In Dowling, the Supreme Court explicitly recognized not only the classic retainer and security retainer, but a third type of retainer known as an advance payment retainer. Monies paid in the form of an advance payment retainer become the property of the attorney immediately upon payment and are deposited into that attorney's general operating account. Said retainer is therefore protected from judgment creditors.
The trial court held that public policy allowing divorce litigants to participate equally should override the advance payment retainer device of protecting the fees paid from creditors. The trial court specifically held that "to allow petitioner to shelter the fees paid on his behalf as an advance payment retainer defeats the purpose of the ‘substantial parity' provisions of the IMDMA".
The Appellate Court agreed stating that the Supreme Court cautioned that "advance payment retainers should be used only sparingly" and that a spouse in a divorce action is different than a judgment creditor. The court went on to state that permitting the use of an advance payment retainer in a divorce case would do away with the leveling of the playing field between the parties. The court further held that because the IMDMA did not limit what type of "retainer" was subject to disgorgement (even though the money in an advance retainer technically belonged to petitioner's attorney), the trial court could order that a portion of the money still be disgorged.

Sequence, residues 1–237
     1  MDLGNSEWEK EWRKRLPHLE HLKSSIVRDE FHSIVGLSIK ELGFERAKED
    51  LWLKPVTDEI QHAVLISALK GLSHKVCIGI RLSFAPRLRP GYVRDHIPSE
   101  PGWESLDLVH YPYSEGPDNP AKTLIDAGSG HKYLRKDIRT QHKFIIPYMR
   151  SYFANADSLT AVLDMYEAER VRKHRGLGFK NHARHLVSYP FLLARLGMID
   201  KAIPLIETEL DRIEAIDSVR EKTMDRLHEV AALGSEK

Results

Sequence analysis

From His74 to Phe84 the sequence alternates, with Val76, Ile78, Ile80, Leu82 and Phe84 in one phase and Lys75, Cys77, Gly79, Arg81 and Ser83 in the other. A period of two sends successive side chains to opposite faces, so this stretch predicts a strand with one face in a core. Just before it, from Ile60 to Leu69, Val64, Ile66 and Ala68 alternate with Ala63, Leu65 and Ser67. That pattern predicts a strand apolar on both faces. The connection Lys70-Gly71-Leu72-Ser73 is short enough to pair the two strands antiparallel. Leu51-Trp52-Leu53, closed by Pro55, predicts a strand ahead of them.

In September 2012, the Appellate Court, First Judicial District of Illinois issued Illinois Supreme Court Rule 23 Opinion on a similar issue in In re Marriage of Elizabeth Nash and Heriberto Lopez Alberola, No. 1-11-3724.